Post-translational modification of the p53 signaling pathway plays an important role in cell cycle progression and stress-induced apoptosis. Indeed, a large body of work has shown that dysregulation of p53 and its E3 ligase MDM2 by the ubiquitin-proteasome system (UPS) promotes carcinogenesis and malignant transformation. Thus, drug discovery efforts have focused on the restoration of wild-type p53 activity or inactivation of oncogenic mutant p53 by targeted inhibition of UPS components, particularly key deubiquitinases (DUBs) of the ubiquitin-specific protease (USP) class. However, development of selective small-molecule USP inhibitors has been challenging, partly due to the highly conserved structural features of the catalytic sites across the class. To tackle this problem, we devised a protein engineering strategy for rational design of inhibitors for DUBs and other UPS proteins. We employed a phage-displayed ubiquitin variant (UbV) library to develop inhibitors targeting the DUBs USP7 and USP10, which are involved in regulating levels of p53 and MDM2. We were able to identify UbVs that bound USP7 or USP10 with high affinity and inhibited deubiquitination activity. We solved the crystal structure of UbV.7.2 and rationalized the molecular basis for enhanced affinity and specificity for USP7. Finally, cell death was increased significantly by UbV.7.2 expression in a colon cancer cell line that was treated with the chemotherapy drug cisplatin, demonstrating the therapeutic potential of inhibiting USP7 by this approach.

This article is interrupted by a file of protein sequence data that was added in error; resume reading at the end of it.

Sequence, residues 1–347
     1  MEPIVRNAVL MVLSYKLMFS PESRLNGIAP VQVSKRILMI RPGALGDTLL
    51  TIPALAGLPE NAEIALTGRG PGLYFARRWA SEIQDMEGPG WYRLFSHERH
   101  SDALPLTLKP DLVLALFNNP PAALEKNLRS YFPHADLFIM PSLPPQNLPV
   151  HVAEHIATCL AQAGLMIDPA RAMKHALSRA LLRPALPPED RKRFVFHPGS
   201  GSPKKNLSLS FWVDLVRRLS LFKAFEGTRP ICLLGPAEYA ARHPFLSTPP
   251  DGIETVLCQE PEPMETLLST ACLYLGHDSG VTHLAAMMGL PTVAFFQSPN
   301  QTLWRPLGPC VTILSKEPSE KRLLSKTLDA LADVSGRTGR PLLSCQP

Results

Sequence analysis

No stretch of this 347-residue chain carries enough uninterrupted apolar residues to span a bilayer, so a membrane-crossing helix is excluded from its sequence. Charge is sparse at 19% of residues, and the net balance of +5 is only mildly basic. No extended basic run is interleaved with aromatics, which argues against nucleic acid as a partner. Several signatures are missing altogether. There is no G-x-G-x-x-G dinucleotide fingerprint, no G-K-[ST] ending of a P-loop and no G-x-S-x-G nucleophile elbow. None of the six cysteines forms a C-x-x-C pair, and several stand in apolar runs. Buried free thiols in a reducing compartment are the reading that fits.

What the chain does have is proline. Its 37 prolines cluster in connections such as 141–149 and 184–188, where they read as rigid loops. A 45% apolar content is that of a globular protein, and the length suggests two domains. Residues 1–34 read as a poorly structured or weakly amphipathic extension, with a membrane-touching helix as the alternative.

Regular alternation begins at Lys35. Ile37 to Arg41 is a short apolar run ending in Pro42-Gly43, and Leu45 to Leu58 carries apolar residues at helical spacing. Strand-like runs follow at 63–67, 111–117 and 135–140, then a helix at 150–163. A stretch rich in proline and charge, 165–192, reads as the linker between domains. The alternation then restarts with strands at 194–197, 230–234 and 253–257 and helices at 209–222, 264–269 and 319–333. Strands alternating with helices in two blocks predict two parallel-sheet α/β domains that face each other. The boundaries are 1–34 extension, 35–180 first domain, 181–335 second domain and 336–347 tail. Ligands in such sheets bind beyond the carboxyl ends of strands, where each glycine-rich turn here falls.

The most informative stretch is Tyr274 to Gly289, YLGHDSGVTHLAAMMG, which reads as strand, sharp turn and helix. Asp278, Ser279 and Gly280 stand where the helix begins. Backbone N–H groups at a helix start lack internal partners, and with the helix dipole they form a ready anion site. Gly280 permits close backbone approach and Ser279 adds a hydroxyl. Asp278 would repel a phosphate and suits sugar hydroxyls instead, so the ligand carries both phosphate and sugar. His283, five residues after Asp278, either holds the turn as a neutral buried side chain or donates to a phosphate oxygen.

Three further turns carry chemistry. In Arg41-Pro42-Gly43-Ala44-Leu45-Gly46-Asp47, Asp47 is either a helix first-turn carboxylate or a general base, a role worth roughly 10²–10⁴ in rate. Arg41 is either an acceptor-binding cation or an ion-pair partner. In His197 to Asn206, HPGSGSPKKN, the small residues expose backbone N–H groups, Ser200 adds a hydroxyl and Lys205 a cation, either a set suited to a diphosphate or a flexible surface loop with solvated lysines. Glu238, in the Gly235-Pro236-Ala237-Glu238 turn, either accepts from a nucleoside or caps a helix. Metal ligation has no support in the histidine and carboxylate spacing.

- inhibitor design